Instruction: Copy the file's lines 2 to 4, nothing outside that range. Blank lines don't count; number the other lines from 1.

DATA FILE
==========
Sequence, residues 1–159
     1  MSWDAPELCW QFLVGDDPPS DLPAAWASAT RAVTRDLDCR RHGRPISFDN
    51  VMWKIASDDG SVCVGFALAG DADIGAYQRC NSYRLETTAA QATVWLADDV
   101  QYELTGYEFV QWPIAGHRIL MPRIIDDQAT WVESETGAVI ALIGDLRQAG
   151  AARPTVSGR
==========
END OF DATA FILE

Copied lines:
     1  MSWDAPELCW QFLVGDDPPS DLPAAWASAT RAVTRDLDCR RHGRPISFDN
    51  VMWKIASDDG SVCVGFALAG DADIGAYQRC NSYRLETTAA QATVWLADDV
   101  QYELTGYEFV QWPIAGHRIL MPRIIDDQAT WVESETGAVI ALIGDLRQAG